LAST Sunday Dublin skipper Bryan Cullen promised Dubliners a night out to remember, and for some Dubliners, the celebrations are probably still going strong. But it took just five words from the freshly triumphant Dublin captain, "See yiz all in Coppers", to ensure that the Harcourt Street club has been mobbed all week.
A nightclub getting a shout out isn't the normal run of things at an All-Ireland final, but then Copperface Jacks could barely be described as a normal club.
Even Lonely Planet has got wind of its reputation as a Mecca for off-duty nurses and gardai: "Don't let the presence of the law put you off though," reads its Dublin guide. "From what we've heard, they're the biggest miscreants of the lot, especially if there are nurses about!"
Last month saw the opening of Copperface Jacks' VIP area and, sure enough, the room was put to plentiful use this week. Following closely behind Bryan Cullen into the guestlist-only area were Dubs heroes Kevin Nolan, Paul Flynn, Eoghan O'Gara, Diarmuid Connolly, Rory O'Carroll and Michael Darragh Macauley.
Even before Cullen's endorsement, Coppers has defied the slings and arrows of the recession; the Jackson Court Hotel, home to the nightclub, saw a pre-tax profit of €6.8m last year. What's more, it is thought that much of this revenue was generated by the Copperface Jacks bar.
These days, Dublin nightclubs appear to be embroiled in a recession-fuelled turf war, desperate to get big names through the door to stand out from the pack. Yet it hasn't always been this way. Compared to the likes of London and New York, Dublin -- a town chock full of pubs -- was a relative latecomer to the nightclub scene. From earnest beginnings (think Sachs nightclub in Ballsbridge, the Coconut Grove in Stillorgan, Sloopy's on D'Olier Street and Tiffany's on Henry Street), Dublin's nightclub scene has blossomed and we Dubs have proved that we can party like it's 1999, whatever the year. Behold our potted history to Dublin's ever-changing nightlife . . .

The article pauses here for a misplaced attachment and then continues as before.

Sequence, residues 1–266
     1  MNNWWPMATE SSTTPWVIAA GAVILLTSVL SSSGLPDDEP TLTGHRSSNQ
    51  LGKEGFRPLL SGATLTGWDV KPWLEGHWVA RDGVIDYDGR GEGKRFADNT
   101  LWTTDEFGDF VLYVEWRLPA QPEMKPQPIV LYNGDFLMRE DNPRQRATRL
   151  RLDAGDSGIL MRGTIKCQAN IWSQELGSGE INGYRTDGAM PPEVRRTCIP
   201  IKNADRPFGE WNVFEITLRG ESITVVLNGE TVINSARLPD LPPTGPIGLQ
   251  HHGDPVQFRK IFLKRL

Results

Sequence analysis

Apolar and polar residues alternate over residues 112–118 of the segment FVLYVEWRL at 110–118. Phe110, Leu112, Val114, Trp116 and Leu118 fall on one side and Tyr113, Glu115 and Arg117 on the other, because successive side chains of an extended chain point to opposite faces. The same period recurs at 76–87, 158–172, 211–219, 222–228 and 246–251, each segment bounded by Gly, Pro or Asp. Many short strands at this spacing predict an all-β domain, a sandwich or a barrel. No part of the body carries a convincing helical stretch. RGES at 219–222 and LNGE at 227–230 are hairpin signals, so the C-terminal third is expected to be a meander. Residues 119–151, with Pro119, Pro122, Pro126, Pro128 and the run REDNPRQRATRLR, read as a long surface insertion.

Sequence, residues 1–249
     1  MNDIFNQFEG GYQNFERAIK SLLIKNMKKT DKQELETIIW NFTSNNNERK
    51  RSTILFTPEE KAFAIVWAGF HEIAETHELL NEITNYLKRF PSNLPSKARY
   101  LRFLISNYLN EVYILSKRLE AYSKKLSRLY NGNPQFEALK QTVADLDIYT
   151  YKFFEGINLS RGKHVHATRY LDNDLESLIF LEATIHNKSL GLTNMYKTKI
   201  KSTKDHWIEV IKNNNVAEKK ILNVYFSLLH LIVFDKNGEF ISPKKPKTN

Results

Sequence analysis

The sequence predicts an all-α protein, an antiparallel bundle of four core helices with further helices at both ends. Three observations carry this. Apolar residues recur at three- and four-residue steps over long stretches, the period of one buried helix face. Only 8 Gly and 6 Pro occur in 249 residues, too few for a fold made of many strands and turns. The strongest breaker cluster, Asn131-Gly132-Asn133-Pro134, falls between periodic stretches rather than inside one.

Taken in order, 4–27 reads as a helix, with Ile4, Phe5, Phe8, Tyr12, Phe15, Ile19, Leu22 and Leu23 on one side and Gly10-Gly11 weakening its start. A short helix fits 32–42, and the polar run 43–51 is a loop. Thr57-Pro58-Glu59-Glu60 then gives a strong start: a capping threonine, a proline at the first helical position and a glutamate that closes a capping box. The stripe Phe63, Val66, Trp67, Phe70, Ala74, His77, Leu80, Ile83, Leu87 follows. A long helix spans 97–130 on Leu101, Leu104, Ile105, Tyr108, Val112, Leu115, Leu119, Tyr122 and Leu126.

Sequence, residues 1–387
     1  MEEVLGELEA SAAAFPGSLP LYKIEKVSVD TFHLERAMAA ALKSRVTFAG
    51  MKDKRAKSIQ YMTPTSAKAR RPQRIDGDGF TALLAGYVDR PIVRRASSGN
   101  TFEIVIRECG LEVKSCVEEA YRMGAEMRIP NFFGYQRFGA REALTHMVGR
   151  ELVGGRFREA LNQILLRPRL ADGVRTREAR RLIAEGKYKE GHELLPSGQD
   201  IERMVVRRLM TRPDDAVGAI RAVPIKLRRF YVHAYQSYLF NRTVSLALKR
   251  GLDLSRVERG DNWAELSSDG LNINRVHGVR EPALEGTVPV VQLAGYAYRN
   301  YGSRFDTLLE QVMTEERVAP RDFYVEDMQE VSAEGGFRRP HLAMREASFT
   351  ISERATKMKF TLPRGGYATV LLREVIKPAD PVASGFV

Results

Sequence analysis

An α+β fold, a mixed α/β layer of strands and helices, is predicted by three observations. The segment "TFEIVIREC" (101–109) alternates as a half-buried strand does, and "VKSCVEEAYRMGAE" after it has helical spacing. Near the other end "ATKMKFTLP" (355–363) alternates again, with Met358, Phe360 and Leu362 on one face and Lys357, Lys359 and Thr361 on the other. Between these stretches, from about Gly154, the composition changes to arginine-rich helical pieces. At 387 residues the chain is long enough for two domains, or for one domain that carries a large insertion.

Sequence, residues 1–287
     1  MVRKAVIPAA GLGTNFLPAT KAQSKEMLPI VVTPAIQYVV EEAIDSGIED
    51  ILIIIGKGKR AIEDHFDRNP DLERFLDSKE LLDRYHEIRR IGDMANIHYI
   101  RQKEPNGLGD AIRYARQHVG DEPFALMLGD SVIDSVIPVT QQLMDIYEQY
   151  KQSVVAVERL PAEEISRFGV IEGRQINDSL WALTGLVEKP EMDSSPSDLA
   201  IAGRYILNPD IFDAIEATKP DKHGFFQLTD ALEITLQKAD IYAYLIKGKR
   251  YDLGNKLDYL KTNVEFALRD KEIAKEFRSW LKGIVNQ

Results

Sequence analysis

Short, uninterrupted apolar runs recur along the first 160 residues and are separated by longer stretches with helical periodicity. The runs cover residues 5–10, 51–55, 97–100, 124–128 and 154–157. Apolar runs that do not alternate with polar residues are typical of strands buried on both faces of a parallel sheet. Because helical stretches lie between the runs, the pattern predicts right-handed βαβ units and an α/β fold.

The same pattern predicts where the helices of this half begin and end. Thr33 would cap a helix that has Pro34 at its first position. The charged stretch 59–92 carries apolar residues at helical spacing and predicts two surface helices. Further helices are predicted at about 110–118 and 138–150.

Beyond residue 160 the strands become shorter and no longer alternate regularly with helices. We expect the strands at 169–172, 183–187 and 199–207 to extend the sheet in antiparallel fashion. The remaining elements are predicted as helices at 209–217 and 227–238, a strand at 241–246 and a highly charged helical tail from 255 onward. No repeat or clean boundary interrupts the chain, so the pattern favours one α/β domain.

>Bad Bob's Temple Bar, early '80s style
Sandwiched between the Olympia Theatre and the Clarence Hotel, this Temple Bar emporium took its name from the Covent Garden den of the same name. It was the place to see and be seen in the early 1980s, and as such it had relatively little competition in the Temple Bar area.
As the area developed around it, Bad Bob's easily held its own, staying a perennial favourite. In 1997, Gerry O'Reilly, who owned Lillie's Bordello and the Gaiety Theatre, sold the club for a cool £3m to the O'Dwyer group, who owned Break For The Border and Cafe En Seine. Amid it all, the club thrived. Bad Bob's underwent a significant revamp in 2000 and a name change some years later (The Purty Kitchen) making it the bar it is today. In 2008, the Sycamore Club, a private members area, opened in The Purty Kitchen.
Who went there: Bob Geldof, Marty Whelan
>Tamango's the late '80s hotspot
Located in the outpost of Portmarnock, Tamango's -- where the gang goes -- had its heyday in the late '80s and early '90s and was a true jewel in the northside's crown. It was Dublin's suburban Studio 54 -- the poppy yin to The Grove in Clontarf's indie yang. It continues to kick out pop from the '70s, '80s and '90s to this day. Tamango's is still going, although it may be feeling the pinch since the opening of the Wright Venue in nearby Swords in 2009.
Who went there: Gerry Ryan, members of Boyzone, Bertie Ahern, Johnny Logan
>Leeson Street the street to be seen on in the 80s-90s